MD Blue Crab Design Team Exhibits at Recent Watermen Expo, Shares Plans for Pilot Accountability System

Every year, the Maryland Watermen's Association hosts a commercial fishermen and aquaculture trade expo attracting hundreds of fishermen and watermen from along the east coast. This year’s recent 38th annual Expo in Ocean City, MD included an exhibit from the Maryland Blue Crab Design Team.  The Design Team, an industry-led task force EDF helped organize, participated in the expo for the opportunity to keep the larger watermen community informed and gain feedback on the collective process to develop long-term solutions for Maryland’s blue crab industry.

Twenty-four Design Team members spoke with over 100 interested watermen and other stakeholders about the Design Team’s vision and goals.  Most recently the Team has been developing a pilot program to test electronic reporting technologies to advance watermen accountability in the fishery and promote the health of the blue crab resource and the businesses that depend on it.  This pilot aims to improve the timing and accuracy of harvest data to fisheries managers. It will mark a major step forward in building a more sustainable fishery leading to a more viable future for the blue crab industry.  The pilot project is expected to be up and running by midyear. Read More »

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Maryland Waterman Turns Vision into Opportunity for Chesapeake Fishing Communities

Johnny Shockley, business partners and member of the Dorchester County, MD Chamber of Commerce.

The Chesapeake commercial fishing community is full of practical, hard-working businessmen and women who overcome weather, regulatory challenges, and market obstacles every day.  Some go even further to combine their grit and drive with innovation and vision to create a business that leverages the allure of Chesapeake seafood and new market opportunities.  Johnny Shockley, a career waterman from the Eastern Shore of Maryland, is doing just that.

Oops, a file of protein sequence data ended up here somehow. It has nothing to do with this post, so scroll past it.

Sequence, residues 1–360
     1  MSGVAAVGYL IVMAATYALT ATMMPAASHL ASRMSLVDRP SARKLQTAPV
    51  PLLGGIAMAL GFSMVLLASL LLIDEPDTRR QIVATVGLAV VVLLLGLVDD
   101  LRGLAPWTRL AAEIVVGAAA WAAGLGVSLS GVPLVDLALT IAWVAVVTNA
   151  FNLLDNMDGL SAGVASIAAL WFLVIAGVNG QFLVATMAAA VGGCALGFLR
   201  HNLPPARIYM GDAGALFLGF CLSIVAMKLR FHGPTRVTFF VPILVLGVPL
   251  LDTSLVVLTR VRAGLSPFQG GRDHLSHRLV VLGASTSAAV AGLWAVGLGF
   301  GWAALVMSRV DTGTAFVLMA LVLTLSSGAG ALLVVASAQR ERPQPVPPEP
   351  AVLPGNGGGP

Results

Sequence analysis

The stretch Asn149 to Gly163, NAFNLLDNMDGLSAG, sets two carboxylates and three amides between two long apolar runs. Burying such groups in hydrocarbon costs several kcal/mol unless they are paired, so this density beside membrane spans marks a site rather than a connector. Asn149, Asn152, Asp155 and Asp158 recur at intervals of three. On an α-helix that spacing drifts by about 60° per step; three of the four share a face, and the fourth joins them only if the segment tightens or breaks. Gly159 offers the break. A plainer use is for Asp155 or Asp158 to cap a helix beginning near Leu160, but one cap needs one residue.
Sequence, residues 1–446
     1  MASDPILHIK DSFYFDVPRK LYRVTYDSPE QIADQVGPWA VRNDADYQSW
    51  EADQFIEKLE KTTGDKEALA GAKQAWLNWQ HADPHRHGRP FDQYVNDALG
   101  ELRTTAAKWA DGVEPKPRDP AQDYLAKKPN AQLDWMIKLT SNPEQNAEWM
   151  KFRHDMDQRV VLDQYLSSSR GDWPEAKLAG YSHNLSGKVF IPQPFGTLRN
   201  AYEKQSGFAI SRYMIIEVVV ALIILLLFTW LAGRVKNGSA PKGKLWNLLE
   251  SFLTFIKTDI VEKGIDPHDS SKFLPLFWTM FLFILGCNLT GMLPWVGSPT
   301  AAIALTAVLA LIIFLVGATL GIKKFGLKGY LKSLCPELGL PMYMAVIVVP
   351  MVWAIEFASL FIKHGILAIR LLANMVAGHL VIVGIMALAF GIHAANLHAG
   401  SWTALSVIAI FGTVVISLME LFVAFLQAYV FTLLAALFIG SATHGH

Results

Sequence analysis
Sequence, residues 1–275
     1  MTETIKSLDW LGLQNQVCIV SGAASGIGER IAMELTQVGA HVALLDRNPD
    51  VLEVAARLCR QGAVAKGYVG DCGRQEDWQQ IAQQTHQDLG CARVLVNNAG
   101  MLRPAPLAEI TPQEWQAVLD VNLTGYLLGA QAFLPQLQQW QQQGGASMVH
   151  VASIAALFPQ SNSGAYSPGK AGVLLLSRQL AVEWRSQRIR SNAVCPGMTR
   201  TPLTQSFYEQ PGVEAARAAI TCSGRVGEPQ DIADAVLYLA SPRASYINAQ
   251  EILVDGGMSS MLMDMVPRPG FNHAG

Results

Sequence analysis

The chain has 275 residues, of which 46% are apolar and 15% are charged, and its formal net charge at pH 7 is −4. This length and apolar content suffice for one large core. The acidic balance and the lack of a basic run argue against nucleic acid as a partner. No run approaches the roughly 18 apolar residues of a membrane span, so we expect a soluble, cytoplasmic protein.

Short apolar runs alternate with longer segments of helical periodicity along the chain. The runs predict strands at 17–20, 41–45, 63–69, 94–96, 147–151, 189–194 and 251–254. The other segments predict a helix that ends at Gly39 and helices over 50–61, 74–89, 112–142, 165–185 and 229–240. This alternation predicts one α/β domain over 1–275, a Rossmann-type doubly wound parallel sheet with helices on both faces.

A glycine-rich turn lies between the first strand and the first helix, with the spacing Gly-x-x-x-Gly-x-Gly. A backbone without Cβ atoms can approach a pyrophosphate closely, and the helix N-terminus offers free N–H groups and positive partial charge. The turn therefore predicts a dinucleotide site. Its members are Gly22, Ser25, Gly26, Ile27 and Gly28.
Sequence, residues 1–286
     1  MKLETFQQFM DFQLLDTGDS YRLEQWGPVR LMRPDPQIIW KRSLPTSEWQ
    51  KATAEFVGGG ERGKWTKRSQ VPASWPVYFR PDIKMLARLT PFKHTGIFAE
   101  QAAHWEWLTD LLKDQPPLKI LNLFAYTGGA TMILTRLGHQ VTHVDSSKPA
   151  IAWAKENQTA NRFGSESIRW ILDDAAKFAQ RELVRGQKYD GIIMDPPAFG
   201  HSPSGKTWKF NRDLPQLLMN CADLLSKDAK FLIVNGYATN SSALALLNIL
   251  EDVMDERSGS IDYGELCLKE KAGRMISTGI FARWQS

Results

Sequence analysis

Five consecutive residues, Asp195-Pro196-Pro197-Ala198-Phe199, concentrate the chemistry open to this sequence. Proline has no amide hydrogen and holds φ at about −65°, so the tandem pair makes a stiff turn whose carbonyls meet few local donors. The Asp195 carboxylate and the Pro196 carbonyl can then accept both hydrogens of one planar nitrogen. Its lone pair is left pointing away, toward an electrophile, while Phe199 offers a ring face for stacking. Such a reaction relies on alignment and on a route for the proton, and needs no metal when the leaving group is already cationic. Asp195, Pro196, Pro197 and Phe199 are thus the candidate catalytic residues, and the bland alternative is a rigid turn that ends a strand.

Johnny began oystering with his dad and grandfather at the age of 12.  For the last 35 years, he has worked on the water making his living by harvesting the Chesapeake’s blue crabs, fish and oysters.  Recognizing the growing challenges to his industry and family heritage, Johnny realized that he needed to “think outside of the box” to create new business opportunities for his family.

After over three years of hard work and planning, Johnny and his business partner, Ricky Fitzugh, officially launched Hooper’s Island Oyster Aquaculture, Inc., home of Chesapeake Gold Oysters.  Last year, Hooper’s Island Oyster Aquaculture, Inc. bought 1 million oyster larvae, grew them to market size over the past 12 months and is now selling the seafood delicacy throughout the Washington, DC area.  This year, they expanded to four million more larvae. Read More »